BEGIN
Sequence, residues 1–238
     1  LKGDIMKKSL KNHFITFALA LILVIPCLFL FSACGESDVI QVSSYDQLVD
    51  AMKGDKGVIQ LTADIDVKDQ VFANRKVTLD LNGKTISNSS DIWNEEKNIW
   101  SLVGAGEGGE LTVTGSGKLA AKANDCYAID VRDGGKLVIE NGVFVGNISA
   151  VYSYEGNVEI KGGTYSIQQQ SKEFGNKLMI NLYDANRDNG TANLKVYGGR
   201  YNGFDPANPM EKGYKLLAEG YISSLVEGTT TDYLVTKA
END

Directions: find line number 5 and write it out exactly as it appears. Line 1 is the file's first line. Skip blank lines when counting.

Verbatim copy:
   151  VYSYEGNVEI KGGTYSIQQQ SKEFGNKLMI NLYDANRDNG TANLKVYGGR